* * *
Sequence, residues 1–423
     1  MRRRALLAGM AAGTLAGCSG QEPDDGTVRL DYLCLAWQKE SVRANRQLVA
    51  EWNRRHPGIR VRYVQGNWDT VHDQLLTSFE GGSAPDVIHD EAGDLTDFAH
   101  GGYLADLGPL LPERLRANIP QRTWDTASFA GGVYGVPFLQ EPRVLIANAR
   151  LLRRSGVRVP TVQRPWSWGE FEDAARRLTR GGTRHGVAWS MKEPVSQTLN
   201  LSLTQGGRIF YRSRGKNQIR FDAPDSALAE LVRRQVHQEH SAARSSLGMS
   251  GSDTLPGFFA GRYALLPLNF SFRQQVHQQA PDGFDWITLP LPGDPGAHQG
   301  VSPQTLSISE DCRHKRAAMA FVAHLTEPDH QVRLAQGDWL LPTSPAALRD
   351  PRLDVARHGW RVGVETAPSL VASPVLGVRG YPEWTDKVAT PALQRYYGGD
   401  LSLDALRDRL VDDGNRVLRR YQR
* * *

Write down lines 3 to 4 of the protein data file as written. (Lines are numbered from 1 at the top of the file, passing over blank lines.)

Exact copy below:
    51  EWNRRHPGIR VRYVQGNWDT VHDQLLTSFE GGSAPDVIHD EAGDLTDFAH
   101  GGYLADLGPL LPERLRANIP QRTWDTASFA GGVYGVPFLQ EPRVLIANAR